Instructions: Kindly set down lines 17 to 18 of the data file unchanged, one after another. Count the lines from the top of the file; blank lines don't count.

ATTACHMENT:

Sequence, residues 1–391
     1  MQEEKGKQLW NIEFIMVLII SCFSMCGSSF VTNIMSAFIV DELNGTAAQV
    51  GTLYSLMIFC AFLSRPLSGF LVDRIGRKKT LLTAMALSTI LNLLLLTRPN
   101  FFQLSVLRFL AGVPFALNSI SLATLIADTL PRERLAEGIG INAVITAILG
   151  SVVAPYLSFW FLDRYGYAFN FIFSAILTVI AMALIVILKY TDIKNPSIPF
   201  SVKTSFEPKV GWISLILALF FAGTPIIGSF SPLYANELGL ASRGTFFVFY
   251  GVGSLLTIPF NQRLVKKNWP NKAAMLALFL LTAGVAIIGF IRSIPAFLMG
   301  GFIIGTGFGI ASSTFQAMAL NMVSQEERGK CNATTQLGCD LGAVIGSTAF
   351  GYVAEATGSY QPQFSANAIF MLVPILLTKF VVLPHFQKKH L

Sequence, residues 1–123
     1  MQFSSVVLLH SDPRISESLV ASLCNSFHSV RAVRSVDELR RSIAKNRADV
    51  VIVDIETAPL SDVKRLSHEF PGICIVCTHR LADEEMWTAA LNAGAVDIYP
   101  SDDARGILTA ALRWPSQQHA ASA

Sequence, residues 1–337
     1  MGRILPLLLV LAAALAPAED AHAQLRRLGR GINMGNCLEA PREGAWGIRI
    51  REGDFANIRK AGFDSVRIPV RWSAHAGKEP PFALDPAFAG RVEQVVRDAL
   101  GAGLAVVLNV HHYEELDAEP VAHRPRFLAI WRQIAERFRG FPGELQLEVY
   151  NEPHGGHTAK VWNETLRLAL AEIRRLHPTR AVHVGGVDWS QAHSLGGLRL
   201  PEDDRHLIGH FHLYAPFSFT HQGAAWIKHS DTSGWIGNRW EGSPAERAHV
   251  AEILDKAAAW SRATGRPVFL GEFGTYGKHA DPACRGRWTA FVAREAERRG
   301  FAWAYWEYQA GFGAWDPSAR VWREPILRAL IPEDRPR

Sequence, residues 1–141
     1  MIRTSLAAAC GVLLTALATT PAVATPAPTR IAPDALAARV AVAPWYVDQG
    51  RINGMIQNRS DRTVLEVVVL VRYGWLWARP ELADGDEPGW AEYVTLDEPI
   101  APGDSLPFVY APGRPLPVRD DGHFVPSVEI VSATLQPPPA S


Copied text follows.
   101  GAGLAVVLNV HHYEELDAEP VAHRPRFLAI WRQIAERFRG FPGELQLEVY
   151  NEPHGGHTAK VWNETLRLAL AEIRRLHPTR AVHVGGVDWS QAHSLGGLRL